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Wing counts indicate decline in Wyoming’s sage grouse reproduction rate; drought likely a factor

Greater Sage Grouse (Shutterstock)

CASPER, Wyo. — The Wyoming Game and Fish Department said on Monday that early estimates from sage grouse wing counts in 2021 indicate a decline in the species’ reproduction rate in the state compared with the previous year.

The wing counts are based on wings harvested from chick and hen sage grouse collected by hunters, primarily in the central and southwest parts of Wyoming. Hunters voluntarily contribute wings to the counts by dropping them off at designated collecting points during the hunting season, according to Game and Fish.

In 2021, hunters submitted wings from 621 sage grouse chicks and 750 hens.

“In a preliminary analysis, Wyoming’s 2021 chick-to-hen ratio was 0.8 chicks/hen,” Game and Fish said. “It’s a decrease from two previous years where reproduction ratios held at 1.1 chicks/hen. Based on these numbers, male lek attendance is expected to be lower this spring.”

Game and Fish Sage Grouse/Sagebrush Biologist Leslie Schreiber said that drought conditions in the state are likely a factor in the decreased reproduction rate.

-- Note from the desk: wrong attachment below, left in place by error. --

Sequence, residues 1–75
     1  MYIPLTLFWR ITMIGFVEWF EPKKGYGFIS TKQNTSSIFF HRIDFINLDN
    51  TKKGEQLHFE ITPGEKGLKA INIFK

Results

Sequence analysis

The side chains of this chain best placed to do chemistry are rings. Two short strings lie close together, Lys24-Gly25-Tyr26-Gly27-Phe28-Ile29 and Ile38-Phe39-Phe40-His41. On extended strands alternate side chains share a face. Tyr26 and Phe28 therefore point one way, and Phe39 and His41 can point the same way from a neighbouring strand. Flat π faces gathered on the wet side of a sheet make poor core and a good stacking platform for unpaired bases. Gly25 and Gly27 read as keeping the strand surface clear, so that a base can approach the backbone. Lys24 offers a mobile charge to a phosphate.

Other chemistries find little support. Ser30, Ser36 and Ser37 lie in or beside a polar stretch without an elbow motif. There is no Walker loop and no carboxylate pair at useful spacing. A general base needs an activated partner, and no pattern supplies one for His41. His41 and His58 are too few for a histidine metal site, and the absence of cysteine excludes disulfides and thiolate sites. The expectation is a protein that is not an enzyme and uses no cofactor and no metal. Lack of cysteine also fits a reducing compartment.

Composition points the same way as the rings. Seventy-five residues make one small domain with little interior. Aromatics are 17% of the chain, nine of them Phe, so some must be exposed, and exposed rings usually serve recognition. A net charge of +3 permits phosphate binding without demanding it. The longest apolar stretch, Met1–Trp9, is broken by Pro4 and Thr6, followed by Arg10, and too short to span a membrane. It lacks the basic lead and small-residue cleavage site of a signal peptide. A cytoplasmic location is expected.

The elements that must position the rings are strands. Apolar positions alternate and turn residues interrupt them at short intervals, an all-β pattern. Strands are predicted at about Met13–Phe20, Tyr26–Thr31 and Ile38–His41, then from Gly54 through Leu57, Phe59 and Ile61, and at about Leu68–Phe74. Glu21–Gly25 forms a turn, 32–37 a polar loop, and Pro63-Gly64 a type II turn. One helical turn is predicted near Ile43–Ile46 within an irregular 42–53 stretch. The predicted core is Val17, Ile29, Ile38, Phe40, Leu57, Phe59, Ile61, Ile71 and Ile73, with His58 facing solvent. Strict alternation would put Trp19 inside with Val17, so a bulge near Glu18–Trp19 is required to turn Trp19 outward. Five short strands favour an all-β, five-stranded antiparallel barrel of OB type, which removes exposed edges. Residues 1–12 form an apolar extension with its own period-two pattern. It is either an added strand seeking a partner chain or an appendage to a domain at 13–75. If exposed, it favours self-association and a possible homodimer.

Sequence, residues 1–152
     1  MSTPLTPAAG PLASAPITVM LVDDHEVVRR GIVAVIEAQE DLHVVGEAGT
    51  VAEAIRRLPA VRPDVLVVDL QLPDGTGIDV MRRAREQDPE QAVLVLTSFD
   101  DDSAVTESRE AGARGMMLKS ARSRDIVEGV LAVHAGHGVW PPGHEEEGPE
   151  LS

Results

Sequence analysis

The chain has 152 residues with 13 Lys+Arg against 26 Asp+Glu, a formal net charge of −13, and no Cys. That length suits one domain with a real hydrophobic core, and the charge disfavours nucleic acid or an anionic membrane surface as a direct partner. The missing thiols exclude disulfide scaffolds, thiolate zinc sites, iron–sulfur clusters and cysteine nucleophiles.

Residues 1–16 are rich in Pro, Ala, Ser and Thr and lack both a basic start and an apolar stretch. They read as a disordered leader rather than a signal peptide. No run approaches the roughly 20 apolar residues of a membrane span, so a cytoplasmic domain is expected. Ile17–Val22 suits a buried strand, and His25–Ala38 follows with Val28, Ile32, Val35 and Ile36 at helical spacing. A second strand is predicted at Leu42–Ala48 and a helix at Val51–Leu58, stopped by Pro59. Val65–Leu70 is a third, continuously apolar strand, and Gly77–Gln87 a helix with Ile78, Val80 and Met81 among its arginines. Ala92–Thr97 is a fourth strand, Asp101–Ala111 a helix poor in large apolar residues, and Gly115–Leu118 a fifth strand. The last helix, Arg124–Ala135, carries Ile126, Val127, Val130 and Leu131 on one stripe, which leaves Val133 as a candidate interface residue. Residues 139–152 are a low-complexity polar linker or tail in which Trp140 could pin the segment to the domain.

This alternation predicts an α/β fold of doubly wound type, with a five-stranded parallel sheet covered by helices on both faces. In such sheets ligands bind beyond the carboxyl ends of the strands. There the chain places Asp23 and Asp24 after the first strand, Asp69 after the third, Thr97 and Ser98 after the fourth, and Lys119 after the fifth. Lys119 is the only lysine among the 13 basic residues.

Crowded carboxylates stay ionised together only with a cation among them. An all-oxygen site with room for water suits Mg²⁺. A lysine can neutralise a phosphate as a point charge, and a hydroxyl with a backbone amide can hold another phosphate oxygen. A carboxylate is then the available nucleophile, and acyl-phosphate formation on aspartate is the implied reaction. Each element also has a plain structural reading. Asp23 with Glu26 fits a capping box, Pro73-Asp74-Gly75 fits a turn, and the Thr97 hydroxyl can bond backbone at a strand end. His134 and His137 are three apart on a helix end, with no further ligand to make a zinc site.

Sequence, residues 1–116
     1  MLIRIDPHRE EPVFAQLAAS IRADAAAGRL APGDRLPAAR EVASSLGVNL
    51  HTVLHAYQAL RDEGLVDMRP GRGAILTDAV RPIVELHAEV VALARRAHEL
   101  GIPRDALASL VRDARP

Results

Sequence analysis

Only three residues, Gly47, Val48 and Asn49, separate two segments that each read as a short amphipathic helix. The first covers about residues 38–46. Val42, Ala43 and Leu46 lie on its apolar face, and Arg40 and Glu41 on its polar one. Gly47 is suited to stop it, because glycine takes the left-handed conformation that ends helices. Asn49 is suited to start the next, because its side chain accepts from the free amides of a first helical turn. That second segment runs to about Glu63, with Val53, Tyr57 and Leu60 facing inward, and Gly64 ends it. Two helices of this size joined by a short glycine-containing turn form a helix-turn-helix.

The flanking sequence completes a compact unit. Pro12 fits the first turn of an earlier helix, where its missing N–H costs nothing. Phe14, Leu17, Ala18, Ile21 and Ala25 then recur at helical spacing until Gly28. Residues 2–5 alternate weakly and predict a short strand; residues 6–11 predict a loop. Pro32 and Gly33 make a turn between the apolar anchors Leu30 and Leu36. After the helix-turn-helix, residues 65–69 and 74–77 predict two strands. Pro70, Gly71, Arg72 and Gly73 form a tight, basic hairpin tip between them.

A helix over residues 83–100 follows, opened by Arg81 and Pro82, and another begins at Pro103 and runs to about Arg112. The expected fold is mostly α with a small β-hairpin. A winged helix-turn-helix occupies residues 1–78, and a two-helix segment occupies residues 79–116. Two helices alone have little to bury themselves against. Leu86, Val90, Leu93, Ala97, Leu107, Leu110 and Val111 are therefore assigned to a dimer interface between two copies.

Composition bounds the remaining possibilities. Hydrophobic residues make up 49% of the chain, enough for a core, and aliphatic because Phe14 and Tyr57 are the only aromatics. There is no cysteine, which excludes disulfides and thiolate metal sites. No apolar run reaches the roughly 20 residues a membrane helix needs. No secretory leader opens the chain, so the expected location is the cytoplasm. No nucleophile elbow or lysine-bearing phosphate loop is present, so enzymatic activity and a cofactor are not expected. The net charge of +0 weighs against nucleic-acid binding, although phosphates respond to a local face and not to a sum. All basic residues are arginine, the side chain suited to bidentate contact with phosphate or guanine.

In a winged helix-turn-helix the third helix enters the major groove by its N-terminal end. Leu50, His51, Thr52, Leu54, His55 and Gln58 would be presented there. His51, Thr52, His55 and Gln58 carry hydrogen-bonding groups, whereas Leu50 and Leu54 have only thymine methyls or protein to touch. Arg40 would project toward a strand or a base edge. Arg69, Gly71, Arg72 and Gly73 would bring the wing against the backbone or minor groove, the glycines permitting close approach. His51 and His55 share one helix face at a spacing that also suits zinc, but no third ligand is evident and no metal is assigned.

“There’s no doubt that Wyoming’s drought has an impact on this year’s chick recruitment,” Schreiber said. “Good moisture in the spring and summer and quality habitat are the top two contributing factors of chick survival.”

Sage grouse chicks rely on a diet of high-protein insects and adequate habitat cover for survival during their first month of life. Game and Fish adds that grasses and forbs such as wildflowers become important food sources as the birds grow. Older sage grouse depend mainly on sagebrush for food.

“Sage grouse are a sagebrush obligate species and could not survive without it,” Schreiber said.

Wyoming is home to about 38% of the world’s sage grouse. There are over 1,700 known occupied “leks” in the state. These are communal areas where males display courtship behaviors.

Game and Fish said that hunters’ contributions of sage grouse wings are important to understanding of the species.
“We appreciate hunters dropping off wings in our collection barrels; this enhances our annual data collection efforts,” Schreiber said.

The department said that a full analysis of sage grouse populations will be available in the spring.